Underrated Soundtracks – Alan Menken, Hercules (1997)

Hercules is the greatest film in Disney animation history, but that’s a story for another time. Hercules has the greatest soundtrack in animation history, but – oh no, I’ve got time to get to that one right now.

I’m aware of the classics – all too aware – me and my ex-girlfriend would belt out ‘A Whole New World’ spontaneously (I hear she does that with another guy now *weep*), it takes two seconds to get a room of people singing ‘The Circle Of Life’, and Beauty And The Beast is a classic because of its essential soundtrack. None of this I begrudge specifically – I just find it galling that you get laughed out of a room for suggesting ‘Go The Distance’ outstrips them all. Disney nerds are the meanest.

Which is bonkers, because it’s their most cohesive soundtrack to date – (composed by Alan Menken, the man responsible for Aladdin, Beauty and the Beast, Pocahontas… that guy’s a wizard) the film is what it is because of the writing AND the soundtrack. Try and imagine Hercules without the deliriously inspired Greek Chorus / Gospel Choir, try and imagine the film without that sweeping, epic score, try and imagine a world where we haven’t heard Danny DeVito sing.

Composer Alan Menken, 

Dave Zippel, the man behind the lyrics for Mulan and Tarzan, is a madman with the pen, was identified as a wordsmith that had fun with his writing. What I’d give to be a fresh-eyed soul watching Hercules for the first time, and experiencing the pump-fake of hearing Charlton Heston’s god-like narration become The Gospel Truth I. There’s an irreverence throughout this film, but here in particular, that rivals Pixar’s self-knowing inventiveness.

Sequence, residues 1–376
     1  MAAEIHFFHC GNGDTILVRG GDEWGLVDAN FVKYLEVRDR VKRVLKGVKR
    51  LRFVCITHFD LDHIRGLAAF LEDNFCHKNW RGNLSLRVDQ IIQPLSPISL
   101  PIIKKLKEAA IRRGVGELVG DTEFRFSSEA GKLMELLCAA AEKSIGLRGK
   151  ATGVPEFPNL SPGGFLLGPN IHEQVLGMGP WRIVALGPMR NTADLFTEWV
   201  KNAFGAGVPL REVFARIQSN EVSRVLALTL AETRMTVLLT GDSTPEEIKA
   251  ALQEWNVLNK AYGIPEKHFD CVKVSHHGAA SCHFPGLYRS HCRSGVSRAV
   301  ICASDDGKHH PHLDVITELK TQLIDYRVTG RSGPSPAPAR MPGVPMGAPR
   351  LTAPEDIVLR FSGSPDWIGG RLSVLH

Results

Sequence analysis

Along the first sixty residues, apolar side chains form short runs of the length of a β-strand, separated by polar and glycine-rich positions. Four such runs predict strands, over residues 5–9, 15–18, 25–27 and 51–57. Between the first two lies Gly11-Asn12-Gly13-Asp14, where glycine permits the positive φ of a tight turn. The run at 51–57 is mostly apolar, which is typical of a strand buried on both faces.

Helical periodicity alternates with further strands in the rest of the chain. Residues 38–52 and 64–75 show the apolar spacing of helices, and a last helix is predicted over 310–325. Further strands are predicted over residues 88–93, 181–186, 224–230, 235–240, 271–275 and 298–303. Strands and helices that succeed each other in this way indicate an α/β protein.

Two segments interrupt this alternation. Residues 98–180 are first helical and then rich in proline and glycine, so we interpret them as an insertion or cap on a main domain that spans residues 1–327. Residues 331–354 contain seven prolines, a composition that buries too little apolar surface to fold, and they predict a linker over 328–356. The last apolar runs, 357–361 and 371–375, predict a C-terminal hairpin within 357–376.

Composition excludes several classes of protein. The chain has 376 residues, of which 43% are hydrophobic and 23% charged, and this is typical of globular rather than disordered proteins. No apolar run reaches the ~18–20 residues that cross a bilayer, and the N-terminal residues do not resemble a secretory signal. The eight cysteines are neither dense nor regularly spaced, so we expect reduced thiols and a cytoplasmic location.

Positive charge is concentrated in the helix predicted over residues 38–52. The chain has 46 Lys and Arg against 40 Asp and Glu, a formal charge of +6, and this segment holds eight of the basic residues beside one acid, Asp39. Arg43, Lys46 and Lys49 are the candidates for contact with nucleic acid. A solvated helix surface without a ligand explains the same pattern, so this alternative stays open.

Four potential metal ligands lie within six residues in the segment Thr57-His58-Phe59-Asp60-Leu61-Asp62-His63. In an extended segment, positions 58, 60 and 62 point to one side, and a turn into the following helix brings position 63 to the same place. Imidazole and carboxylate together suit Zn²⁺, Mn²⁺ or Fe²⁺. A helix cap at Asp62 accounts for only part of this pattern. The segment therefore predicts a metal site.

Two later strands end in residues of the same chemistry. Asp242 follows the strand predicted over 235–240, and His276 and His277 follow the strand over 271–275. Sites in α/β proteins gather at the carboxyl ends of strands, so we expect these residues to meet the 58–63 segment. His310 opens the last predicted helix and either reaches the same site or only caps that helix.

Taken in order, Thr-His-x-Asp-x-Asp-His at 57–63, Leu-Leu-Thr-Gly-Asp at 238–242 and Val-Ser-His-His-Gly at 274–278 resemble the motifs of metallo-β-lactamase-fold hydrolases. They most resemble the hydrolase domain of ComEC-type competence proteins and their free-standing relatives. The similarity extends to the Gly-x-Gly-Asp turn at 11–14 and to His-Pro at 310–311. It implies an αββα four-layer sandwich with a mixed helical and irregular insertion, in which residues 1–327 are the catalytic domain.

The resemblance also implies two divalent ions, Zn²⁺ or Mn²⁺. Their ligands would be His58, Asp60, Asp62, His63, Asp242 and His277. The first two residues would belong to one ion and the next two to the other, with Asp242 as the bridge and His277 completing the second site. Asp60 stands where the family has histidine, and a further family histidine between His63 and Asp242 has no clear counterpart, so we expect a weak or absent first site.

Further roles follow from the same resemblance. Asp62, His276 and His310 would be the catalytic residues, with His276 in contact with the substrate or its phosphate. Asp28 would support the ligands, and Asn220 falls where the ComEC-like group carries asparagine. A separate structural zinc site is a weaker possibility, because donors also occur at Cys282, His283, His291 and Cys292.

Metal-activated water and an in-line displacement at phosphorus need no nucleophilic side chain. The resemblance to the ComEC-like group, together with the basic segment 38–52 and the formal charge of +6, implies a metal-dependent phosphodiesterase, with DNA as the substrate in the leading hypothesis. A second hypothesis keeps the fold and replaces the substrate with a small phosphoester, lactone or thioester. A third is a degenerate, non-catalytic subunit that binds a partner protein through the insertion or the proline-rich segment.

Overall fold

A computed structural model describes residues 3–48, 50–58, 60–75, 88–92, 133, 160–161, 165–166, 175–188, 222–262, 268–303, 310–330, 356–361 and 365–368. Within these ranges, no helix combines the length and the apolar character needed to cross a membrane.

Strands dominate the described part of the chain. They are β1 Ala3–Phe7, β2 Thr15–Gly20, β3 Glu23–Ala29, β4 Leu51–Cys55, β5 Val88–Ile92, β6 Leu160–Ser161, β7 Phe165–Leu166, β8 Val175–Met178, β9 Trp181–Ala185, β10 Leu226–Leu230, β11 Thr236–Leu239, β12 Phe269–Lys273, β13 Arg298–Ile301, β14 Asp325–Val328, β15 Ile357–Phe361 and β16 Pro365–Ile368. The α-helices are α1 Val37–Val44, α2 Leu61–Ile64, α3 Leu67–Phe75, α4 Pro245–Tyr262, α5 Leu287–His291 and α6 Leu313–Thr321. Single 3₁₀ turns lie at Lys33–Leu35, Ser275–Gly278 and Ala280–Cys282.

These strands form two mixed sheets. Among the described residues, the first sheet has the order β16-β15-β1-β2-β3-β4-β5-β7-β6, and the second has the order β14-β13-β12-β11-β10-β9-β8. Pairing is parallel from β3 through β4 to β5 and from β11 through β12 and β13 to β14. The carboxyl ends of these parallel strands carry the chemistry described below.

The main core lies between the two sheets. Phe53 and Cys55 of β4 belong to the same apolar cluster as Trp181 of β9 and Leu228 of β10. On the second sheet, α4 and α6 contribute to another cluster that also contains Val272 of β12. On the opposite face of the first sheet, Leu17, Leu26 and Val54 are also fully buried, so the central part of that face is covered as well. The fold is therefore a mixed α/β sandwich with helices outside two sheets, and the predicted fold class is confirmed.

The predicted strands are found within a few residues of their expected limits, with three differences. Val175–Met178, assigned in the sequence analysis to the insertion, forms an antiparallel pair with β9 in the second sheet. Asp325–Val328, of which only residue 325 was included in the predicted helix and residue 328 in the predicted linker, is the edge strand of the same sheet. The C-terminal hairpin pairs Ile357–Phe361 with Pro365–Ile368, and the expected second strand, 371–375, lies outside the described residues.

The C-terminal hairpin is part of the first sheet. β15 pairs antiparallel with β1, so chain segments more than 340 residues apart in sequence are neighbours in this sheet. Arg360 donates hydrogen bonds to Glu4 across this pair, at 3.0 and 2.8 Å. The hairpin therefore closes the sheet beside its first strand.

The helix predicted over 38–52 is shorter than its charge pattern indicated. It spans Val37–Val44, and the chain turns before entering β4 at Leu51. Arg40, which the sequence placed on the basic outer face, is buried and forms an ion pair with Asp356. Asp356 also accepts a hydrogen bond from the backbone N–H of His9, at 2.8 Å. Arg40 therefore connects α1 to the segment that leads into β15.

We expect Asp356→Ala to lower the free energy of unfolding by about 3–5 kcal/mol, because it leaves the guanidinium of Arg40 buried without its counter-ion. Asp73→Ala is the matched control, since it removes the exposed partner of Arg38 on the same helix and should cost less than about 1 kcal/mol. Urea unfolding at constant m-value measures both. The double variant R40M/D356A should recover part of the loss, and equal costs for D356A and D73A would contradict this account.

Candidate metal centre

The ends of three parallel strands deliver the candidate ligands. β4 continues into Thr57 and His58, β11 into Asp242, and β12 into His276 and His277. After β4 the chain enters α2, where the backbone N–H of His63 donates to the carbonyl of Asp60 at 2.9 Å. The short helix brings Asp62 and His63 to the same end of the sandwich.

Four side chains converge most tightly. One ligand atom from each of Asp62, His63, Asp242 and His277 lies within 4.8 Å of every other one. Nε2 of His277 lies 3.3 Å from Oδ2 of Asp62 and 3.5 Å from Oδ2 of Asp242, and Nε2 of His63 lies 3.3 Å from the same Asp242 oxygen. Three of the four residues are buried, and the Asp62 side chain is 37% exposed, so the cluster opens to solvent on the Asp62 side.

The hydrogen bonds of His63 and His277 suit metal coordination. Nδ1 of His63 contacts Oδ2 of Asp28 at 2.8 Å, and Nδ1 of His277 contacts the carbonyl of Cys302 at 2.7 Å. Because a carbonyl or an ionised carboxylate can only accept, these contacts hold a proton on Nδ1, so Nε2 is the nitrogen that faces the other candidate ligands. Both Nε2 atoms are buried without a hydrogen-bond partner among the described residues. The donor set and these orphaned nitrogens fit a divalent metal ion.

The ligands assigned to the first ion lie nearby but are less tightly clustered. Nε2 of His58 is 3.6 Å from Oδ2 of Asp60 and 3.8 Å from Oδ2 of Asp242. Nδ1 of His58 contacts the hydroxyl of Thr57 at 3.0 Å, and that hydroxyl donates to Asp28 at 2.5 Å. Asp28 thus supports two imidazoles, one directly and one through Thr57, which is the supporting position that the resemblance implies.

That song thrums with creative shifts in pitch, tone, and storytelling (‘though honey it may seem impossible, that’s the gospel truthhhh!’). Those ladies are heaven in a bottle, and each time they put their pipes to the test it’s genuinely unforgettable. Quite unlike the new additions to the Beauty and the Beast cash grab / remake.

The directors test DeVito’s pipes ‘One Last Hope’, which again, I cannot applaud enough, – his grumpy, jaded trainer Philoctetes taps his way through a training song that warms the cockles of my grumpy, jaded heart (‘I’m down to one last hope and I hope, it’s you!’). An inevitable love song is flecked with enough real-world cynicism to give it a stomach-twisting oomph, wherein Meg refuses to admit she’s in love (’No chance, no way, I won’t say I’m in love!’). ‘Zero To Hero’ is probably the best of a great bunch from my girls in the Gospel Choir (‘Who put the glad in Gladiator’), and the closer, ‘A Star Is Born’ is the song that would play at the gates of heaven, if heaven were a real thing and we weren’t random iterations of DNA convincing ourselves that souls are real, and that we have a purpose (lol).

As with most things in life, all those words are merely a preamble to something that pertains to Michael Bolton. ‘Go The Distance’ is a thematic cocktail of bravery, destiny, and self-belief. It’s the latter that rings true to this day – Herc is not only considered a freak, but considers himself a freak – he’s somewhat bumbling, he doesn’t fit in, and he, quite simply, wants to belong. Which probably pertains to many of us. It’s the song that humanises a demi-god, the son of Zeus, prey to the same faltering in self-love as everyone else. Menken’s finest work. Horns emote in the background, gongs sound, fingers dance across keys, and you start to get the sense that this song exists outside of a film, that it exists outside of what it was written about, and becomes something much, much more. More than a song which doubles as a euphemism for Aladdin wanting to bang Jasmine, anyway.

Credits
Composer: Alan Menken
Lyricist: David Zippel
Vocalists: Lillias White, LaChanze, Roz Ryan, Roger Bart, Danny DeVito, and Susan Egan

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